Sixty-five percent of Germans say they would reject relaxing laws restricting the production, sale and consumption of marijuana, according to the study conducted by opinion pollsters Forsa for Stern magazine. Just under a third of those asked (29 percent) would like to see the drug legalized, while six percent said they have no opinion on the issue. Among supporters of the Green Party, those in favour of legalization jumped up to 51 percent. The poll of 1,003 Germans will come as a blow to Berlin Green politician Monika Herrmann, who is battling to open a Dutch-style coffee shop in the capital.

  12. A 50 Year Old Convention: What's Wrong With an Update?

    Hungarian Civil Liberties Union (HCLU)
    01 April 2011
    Other news

    The HCLU’s video advocacy team attended the 54th session of the Commission on Narcotic Drugs (CND) in Vienna. They asked both Mr. Yuri Fedotov, the head of the UN Office on Drugs and Crime (UNODC) and his NGO critics about the 50 years of drug prohibition – watch the short film to find out what they said!

  13. Indonesia's executions: Drugs diplomacy in a diplomatic crisis?

    25 February 2015
    Other news

    All diplomatic efforts earlier this month to save Brazilian and Dutch citizens from execution in Indonesia failed.

  14. Vancouver to weed out illegal marijuana dispensaries

    24 June 2015
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    Vancouver changed the landscape of Canada’s cannabis culture, becoming the first city in Canada to regulate illegal marijuana dispensaries.

  15. New UN drugs tsar must be a leader on human rights

    Damon Barrett
    24 June 2010
    Other news

    Recently, the UNODC has begun to take notice of the impact of its counternarcotics work on human rights. Antonio Maria Costa, the current executive director, has set out a series of recommendations for internal reform intended to improve the agency's human rights performance. This leadership on human rights is very welcome, and much needed, but it may already be under threat. Costa leaves his post at the end of July. Unfortunately, the current frontrunner for the role of UN drug tsar is the candidate being pushed by the Russian government.

  16. When the UN Won't Condemn Torture You Know Something's Very Wrong

    Damon Barrett (Deputy Director at Harm Reduction International)
    04 April 2012
    Other news

    When the UN's drugs watchdog, the International Narcotics Control Board (INCB), was asked recently about its official position on torture carried out in the name of drug enforcement, one would have expected an unequivocal denunciation. Instead, what was given was an unequivocal refusal to do so. In the light of documented cases of torture to extract information from suspects and to punish drug users and those convicted of drug offences, this refusal to condemn the most egregious of human rights abuses is cause for serious concern and highlights clear tensions between the UN human rights and drug control regimes.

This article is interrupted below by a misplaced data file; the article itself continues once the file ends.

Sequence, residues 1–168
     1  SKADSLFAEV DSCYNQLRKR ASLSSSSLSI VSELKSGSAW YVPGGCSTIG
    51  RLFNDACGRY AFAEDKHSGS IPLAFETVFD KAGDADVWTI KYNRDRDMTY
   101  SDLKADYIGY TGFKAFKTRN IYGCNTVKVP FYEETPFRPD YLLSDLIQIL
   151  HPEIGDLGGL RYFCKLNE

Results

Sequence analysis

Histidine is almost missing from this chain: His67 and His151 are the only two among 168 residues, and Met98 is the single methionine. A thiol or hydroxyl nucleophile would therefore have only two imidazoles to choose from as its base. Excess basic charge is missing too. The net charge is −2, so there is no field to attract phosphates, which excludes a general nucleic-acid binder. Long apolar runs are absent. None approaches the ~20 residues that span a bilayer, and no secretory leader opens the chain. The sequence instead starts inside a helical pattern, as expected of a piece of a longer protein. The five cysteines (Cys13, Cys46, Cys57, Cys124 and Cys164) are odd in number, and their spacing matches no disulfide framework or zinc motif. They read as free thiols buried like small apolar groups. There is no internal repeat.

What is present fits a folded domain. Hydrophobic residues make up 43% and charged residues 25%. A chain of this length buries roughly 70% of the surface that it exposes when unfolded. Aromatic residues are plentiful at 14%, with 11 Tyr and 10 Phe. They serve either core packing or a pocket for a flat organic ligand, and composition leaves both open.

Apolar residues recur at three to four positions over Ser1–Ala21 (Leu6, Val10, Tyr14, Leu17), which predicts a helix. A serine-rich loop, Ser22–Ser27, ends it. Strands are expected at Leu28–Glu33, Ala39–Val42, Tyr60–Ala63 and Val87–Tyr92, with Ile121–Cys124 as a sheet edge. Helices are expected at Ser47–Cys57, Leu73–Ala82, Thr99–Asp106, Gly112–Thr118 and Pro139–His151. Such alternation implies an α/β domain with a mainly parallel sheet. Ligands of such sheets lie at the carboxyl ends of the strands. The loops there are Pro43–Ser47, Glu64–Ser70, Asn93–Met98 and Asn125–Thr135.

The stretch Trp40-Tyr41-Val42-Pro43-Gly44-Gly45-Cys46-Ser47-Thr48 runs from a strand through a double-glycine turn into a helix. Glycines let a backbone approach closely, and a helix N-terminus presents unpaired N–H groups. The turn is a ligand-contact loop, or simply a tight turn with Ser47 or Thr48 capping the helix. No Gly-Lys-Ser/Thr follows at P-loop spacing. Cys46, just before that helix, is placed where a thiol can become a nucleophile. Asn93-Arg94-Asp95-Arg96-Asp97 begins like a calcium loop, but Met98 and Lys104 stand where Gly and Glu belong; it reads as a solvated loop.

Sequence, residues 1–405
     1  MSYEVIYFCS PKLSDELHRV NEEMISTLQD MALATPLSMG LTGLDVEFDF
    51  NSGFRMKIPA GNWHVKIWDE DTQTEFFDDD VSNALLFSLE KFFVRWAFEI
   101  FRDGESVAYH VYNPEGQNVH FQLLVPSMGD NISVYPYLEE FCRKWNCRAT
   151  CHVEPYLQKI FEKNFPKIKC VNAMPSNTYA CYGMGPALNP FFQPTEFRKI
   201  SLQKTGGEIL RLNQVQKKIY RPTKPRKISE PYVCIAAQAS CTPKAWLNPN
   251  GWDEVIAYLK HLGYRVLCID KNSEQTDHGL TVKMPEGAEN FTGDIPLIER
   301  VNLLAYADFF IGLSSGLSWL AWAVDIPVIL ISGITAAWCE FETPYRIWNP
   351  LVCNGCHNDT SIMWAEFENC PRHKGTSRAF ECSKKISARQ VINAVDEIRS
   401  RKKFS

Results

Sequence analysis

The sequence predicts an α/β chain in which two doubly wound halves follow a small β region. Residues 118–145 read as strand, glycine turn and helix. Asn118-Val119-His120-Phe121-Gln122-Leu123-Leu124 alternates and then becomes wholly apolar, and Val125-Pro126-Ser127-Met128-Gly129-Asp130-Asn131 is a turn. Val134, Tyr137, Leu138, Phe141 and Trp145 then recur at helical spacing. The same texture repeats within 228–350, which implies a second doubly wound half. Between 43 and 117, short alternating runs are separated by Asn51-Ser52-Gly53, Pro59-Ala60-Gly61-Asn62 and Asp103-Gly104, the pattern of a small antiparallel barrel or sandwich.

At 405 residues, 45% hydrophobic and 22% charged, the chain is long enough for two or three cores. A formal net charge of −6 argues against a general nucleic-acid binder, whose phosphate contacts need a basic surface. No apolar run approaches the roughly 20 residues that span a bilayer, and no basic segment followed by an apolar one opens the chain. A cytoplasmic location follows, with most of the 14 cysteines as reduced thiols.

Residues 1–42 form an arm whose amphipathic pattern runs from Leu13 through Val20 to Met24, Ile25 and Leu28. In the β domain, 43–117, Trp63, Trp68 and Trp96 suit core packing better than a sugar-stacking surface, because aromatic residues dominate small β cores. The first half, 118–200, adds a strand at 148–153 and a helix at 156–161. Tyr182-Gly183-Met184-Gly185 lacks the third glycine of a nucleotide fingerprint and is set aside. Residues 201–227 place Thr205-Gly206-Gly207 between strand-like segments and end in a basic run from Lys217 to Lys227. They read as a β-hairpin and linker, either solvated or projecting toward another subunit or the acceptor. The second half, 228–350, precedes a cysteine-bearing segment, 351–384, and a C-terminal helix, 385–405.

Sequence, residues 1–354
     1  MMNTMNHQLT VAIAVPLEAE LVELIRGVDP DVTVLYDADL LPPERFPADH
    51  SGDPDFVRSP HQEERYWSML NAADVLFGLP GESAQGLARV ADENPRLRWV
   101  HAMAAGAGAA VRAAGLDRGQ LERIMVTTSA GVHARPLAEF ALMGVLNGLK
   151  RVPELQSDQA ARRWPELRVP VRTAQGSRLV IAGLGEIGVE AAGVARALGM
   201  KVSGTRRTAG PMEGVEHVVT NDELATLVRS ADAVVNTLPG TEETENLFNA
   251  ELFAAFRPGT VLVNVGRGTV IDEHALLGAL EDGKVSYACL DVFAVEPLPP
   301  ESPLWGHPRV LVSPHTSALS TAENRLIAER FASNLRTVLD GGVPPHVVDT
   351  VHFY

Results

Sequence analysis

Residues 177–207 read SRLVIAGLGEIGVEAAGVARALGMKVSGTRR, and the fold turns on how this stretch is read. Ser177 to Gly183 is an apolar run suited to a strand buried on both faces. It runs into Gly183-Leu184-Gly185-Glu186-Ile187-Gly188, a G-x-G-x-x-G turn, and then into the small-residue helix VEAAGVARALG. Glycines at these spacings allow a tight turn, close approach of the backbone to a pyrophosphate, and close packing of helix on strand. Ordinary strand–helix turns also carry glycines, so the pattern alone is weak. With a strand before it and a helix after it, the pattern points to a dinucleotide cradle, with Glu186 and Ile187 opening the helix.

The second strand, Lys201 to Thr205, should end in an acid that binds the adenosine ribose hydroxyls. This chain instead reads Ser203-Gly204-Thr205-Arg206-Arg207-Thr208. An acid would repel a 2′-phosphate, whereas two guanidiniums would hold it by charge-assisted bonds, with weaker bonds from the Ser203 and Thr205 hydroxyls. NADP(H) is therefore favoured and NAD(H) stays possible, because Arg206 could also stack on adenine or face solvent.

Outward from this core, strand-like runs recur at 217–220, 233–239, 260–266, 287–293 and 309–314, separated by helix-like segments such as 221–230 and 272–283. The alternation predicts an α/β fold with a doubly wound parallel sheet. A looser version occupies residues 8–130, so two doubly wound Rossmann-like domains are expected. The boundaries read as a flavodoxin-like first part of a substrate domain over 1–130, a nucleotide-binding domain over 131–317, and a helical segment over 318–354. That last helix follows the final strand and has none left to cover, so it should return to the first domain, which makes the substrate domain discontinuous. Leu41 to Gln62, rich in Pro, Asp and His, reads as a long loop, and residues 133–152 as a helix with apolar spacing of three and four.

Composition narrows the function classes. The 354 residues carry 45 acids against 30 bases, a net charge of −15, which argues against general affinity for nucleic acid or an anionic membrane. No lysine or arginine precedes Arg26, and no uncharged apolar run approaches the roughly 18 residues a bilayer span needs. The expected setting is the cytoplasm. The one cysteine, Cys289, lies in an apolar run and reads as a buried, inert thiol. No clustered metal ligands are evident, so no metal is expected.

17. Legal pot: worth a try

    Icaria Editorial
    21 March 2013
    Other news

    In a country that regulates the sale of over-the-counter painkillers, you’d have thought that a reasonable way to decriminalise the sale of cannabis would have long since been rolled out, perfected and exported to other cities grappling with the same topic. Yet, to the annoyance of the city – and perhaps to the surprise of those more familiar with the country’s progressive reputation – cannabis remains on the wrong side of the law.

  18. 100 years of global drug control

    Tom Blickman, Hungarian Civil Liberties Union (HCLU)
    28 March 2012
    Other news

    This year the Commission on Narcotic Drugs (CND) celebrated the 100th anniversary of the first international opium convention. What the UN drug czar said about these 100 years, is it a success story? Did NGO delegates agree with him? What is the significance of the speech Evo Morales, president of Bolivia made at the CND? What are the chances of the drug reform movement in Latin-America? What is the impact of CND resolutions in general? The HCLU's video advocacy team attended the CND and ask these burning questions. Watch the new movie to learn the answers from Yuri Fedotov, Gil Kerlikowske, Martin Jelsma, Damon Barret, Allen Clear and Mike Trace.

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    An ugly truth in the war on drugs

    Fernando Henrique Cardoso, Ruth Dreifuss
    11 March 2013
    Other news

    This week, representatives from many nations will gather at the annual meeting of the United Nations Commission on Narcotic Drugs in Vienna to determine the appropriate course of the international response to illicit drugs. Delegates will debate multiple resolutions while ignoring a truth that goes to the core of current drug policy: human rights abuses in the war on drugs are widespread and systematic. 

  20. Rope a Dope: U.S. Anti-Terrorism Labs Enlisted in the War on "Legal" Synthetic Drugs

    23 November 2011
    Other news

    A worldwide arms race has erupted between inventive street chemists who concoct "legal" highs and government officials who wish to regulate and interdict the proliferation of synthetic cannabis products that can send their users to an emergency room or the morgue. In Arkansas officials view the problem as severe enough that they have now deployed a network of federally funded laboratories within their state (in collaboration with state and private laboratories) to keep tabs on the protean ingenuity of street chemists, who reformulate these drugs faster than governments can pass regulations to control them.